West Ham's Leanne Kiernan is looking forward to good days ahead, despite the Women's Super League in England being postponed.
While the men's Premier League has restarted, the Women's Super League was cancelled altogether and Chelsea declared the winners ahead of a new season, due to start in September.
The Republic of Ireland International took the time recently to return to help out on the family farm in Cavan, while football went into hiatus over the past few months.
"I've been back on the family farm, helping out for the last three months and that has been kind of nice," said Kiernan, speaking to RTÉ Radio 1’s Sunday Sport.
"It was nice to spend some time with my family again because I don’t get home too often."
At one stage, Kiernan was the lone female player in the Cavan schoolboys league and also excelled in Gaelic football and athletics.
One moment changed her perspective to concentrate fully on football, when a clash of codes meant a serious decision when she was due to play for Cavan in a minor Ulster final on the same day as an Ireland trial.
"I chose to play soccer that day, and that was for good, and the girls went on to win the final," she explained.
"I remember being at my Irish trial and all I wanted to do was hear the final score. When I was told they won, that made my day.
"But no regrets."
It hasn’t been easy for Kiernan as injuries crept in while at West Ham and for a while it knocked her self-confidence.
But the 21-year-old takes strength from her late elder brother Paddy, who sadly died in a an accident back in 2013.
"I suppose it’s like life, everybody has their ups and downs and they came at me at that time," she said.
"But I got through it and I’m feeling great now at the minute.
"I suppose it’s nice to take a break from everything and go back home for a while, and I have great family support.
"I was put into it (football) at a very young age and it was always just football, football, football and it was just go, go, go, so it was nice to be out of the spotlight."
Kiernan started out playing with the boys' team in her local club Bailieboro Celtic before a move to Kingscourt Harps.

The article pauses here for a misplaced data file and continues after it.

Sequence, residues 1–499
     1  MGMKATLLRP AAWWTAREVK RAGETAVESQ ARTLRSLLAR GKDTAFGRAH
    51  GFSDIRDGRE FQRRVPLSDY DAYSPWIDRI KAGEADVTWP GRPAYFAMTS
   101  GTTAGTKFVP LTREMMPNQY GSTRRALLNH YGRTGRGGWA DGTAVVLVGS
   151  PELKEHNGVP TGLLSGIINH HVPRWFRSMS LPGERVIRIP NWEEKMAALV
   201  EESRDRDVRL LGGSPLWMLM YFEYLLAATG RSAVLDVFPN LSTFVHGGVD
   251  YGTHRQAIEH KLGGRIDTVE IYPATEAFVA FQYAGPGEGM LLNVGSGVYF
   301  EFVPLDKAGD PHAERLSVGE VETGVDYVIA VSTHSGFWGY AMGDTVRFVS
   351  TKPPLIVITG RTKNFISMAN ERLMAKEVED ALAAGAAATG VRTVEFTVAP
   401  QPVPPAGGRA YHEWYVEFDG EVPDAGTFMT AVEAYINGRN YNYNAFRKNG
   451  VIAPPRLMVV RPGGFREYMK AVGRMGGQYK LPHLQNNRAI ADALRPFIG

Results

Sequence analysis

"It was great craic playing with all the boys and I made a lot of friends out of that," she recalled.
"Unfortunately, living in Cavan, the facilities weren’t there at the time, but since then, they have come on and I know there is a girls' team in Cavan now.
"The lads used to laugh at me when I started and it would be a case of who would mark me."
Kiernan could only play up until the age of 14 in the Cavan schoolboys league and for a while after that she didn’t have a club, until she joined Shelbourne at 15.
"I was picked for an Ireland trial and I wasn’t allowed to go on the trial until I had a club, so in the end I chose Shelbourne and I’m very grateful to them, but it meant that we had to travel up four or five times a week, a 180km journey up and down, straight after school," she said.
"When you are younger, you don’t assess the game as much, but when you go up to the likes of Shelbourne and you are playing senior football, you need to know the ins and outs of the game and that really helped me in my move to West Ham."
Kiernan’s biggest success for Shels was when she scored a hat-trick in the 2016 FAI Women's Cup final.
"It was massive to play for my club in the final at the Aviva when I was just a teenager, and to score a hat-trick was incredible," she admitted.
Being settled in the Shelbourne and Irish set-ups suited Kiernan at that point as she was also in college.
But West Ham had noticed her abilities.
"I was on the women's senior team for about two years and I got a call from the West Ham coach to see if I was interested in coming over and looking at the facilities, but I was thinking, 'I don’t want to go to England just yet', as I was studying agriculture in college and I was happy enough there."
But it was her father who persuaded Kiernan to at least have a look at the West Ham set-up.
"We headed over to London that summer and after that I couldn’t say no to it and a month later I signed up," she said.
"West Ham only started in the Super League two years ago and we have come a long way, even making the women's Cup final at Wembley against Manchester City."
"My coach Colin Bell at Ireland told me it would take about six months to get used to it, but there are 14 different nationalities in the team, so it's great that I have friends all over the world now."